ALL: Into prayer.

ONE: Move us from our certainty
ALL: Into all we do not know.

ONE: Change us from warriors of righteousness
ALL: To people who know brokenness in ourselves and others.

ONE: Crack open our certain hearts,
ALL: Until we can whisper in the hollow spaces, “We may not be right.”

Dee Dee Risher, “Ears to Hear: A Litany for Listening One to the Other”
Submit your prayer to The Upper Room.

Something More

Meet Jesus at the intersection of faith and justice with our new Lenten resource. In Where We Meet, a collective of writers and activists invite you to immerse yourself in the stories of Jesus and the early church throughout the Lenten season. Learn more and download a free sample here.

Lectionary Readings

(Courtesy of Vanderbilt Divinity Library)

Looking for lectionary-based resources? Learn more about The Upper Room Disciplines.


  • robert moeller Posted January 8, 2024 6:07 am

    While I am not perfect in doing this, I think 2Peter 1:5-7 clearly tells me what I should do concerning Christians who do not share my convictions. A Roman Catholic internet friend has begun sending me sermons. Yes, there is a core of Christian belief we all share. That’s a blessing in the spirit of ecumenism.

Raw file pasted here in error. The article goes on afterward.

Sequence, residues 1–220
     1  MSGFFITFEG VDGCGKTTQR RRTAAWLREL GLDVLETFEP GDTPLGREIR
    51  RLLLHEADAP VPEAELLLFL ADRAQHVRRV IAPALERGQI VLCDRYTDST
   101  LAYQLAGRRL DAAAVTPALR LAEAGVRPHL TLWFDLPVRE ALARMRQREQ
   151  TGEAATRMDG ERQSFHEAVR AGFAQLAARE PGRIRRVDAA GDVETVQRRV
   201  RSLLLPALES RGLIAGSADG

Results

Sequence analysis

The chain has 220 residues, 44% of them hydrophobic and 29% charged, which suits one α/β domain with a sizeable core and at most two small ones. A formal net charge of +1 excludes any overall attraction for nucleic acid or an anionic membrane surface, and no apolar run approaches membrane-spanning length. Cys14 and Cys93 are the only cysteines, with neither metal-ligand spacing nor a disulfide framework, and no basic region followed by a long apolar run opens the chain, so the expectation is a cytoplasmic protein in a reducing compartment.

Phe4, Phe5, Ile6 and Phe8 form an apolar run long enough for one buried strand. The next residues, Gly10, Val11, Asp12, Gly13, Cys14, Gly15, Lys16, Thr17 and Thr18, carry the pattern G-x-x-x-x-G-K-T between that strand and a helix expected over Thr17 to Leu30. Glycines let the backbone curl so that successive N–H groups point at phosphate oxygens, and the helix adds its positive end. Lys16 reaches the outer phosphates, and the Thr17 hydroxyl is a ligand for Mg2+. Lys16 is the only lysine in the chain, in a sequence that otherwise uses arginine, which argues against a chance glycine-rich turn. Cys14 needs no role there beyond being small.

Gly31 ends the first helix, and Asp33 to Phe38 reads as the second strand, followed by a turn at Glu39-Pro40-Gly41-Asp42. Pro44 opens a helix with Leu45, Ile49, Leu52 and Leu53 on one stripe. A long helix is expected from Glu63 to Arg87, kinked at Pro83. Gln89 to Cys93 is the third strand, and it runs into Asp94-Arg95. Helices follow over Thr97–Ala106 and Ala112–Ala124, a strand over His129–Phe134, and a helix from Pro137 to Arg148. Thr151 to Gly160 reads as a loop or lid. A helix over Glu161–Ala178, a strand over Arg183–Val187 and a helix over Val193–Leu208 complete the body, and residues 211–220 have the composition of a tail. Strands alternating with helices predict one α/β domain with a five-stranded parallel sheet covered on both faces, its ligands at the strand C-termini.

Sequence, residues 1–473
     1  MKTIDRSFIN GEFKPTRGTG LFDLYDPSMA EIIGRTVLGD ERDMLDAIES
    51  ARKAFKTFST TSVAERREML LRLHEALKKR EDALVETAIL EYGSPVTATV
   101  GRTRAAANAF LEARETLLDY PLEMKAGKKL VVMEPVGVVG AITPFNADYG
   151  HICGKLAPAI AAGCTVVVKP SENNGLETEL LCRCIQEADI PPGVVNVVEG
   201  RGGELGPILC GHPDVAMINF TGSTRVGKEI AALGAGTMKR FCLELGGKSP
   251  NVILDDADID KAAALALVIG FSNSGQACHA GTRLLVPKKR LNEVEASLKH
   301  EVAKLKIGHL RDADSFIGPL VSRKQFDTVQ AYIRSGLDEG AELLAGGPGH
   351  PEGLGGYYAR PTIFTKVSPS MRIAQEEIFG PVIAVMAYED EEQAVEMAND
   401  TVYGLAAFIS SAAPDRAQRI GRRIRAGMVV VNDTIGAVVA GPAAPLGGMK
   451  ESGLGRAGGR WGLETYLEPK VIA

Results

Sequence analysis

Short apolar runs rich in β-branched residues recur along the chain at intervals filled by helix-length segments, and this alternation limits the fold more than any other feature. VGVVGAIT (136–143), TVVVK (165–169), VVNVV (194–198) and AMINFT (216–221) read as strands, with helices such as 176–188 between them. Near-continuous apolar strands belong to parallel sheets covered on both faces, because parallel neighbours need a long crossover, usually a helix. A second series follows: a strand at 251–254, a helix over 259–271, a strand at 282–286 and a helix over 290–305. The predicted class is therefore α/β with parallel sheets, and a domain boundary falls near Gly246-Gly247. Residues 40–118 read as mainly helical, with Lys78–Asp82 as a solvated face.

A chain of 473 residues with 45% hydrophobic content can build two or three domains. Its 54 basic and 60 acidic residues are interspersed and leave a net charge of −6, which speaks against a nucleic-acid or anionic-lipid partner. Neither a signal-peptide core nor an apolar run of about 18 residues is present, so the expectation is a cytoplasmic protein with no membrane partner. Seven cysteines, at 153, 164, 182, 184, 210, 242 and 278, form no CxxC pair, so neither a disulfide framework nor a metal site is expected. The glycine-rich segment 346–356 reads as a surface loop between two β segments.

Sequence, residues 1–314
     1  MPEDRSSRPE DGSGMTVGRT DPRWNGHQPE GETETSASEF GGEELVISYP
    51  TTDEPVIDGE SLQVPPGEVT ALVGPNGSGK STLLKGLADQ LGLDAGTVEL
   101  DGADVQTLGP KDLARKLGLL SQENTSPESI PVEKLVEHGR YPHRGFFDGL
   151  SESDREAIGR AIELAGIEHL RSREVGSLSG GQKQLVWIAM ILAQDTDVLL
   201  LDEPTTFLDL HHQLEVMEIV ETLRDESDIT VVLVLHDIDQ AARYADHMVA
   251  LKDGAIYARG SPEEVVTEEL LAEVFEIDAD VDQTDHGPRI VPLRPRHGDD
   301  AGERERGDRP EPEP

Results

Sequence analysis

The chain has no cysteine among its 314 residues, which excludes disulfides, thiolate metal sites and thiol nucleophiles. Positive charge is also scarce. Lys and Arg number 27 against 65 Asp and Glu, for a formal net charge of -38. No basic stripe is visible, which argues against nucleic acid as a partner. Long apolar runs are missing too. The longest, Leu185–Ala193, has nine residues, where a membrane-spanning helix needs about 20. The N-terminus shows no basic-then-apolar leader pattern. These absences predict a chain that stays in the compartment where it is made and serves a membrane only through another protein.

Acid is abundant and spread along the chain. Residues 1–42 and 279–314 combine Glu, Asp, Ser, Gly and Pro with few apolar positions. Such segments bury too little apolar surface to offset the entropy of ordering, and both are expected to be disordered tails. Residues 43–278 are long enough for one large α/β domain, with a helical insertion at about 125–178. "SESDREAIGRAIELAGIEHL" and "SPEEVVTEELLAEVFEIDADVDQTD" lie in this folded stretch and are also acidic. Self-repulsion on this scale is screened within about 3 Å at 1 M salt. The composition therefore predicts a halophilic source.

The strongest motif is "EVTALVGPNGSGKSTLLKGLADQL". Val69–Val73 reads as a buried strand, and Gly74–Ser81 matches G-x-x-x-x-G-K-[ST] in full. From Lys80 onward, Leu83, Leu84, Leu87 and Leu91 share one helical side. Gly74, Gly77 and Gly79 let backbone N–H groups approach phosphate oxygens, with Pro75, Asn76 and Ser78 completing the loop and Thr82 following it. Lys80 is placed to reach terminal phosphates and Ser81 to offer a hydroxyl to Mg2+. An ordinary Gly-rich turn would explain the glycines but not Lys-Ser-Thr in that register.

It should be a great day on the slopes with the wonderful snow that came. Will be off to find out in a little while.
    Have to take advantage as rain is in the forecast for Wednesday.. It’s a roller coaster season of great and not so great skiing. Thankful for the opportunities that present themselves. Thank You, Lord.

  • Rusty Posted January 8, 2024 8:08 am

    Today’s question goes hand in hand with the one I asked the NEM family several weeks ago about how to respond to people asking how I can admit to being a Christian in light of what Christians on the national stage do. I am so grateful for the members of our family here who helped me with that.

    I have many Christian friends who don’t share my convictions. The following is going to be fairly stream of consciousness, so here goes:

    1. the Second Peter passage provided above and which Robert commented on is absolutely fundamental. So is 1 Peter 2:17 about loving the brotherhood and sisterhood of believers. I endeavor (with God’s help) to love all Christian believers with an agape love.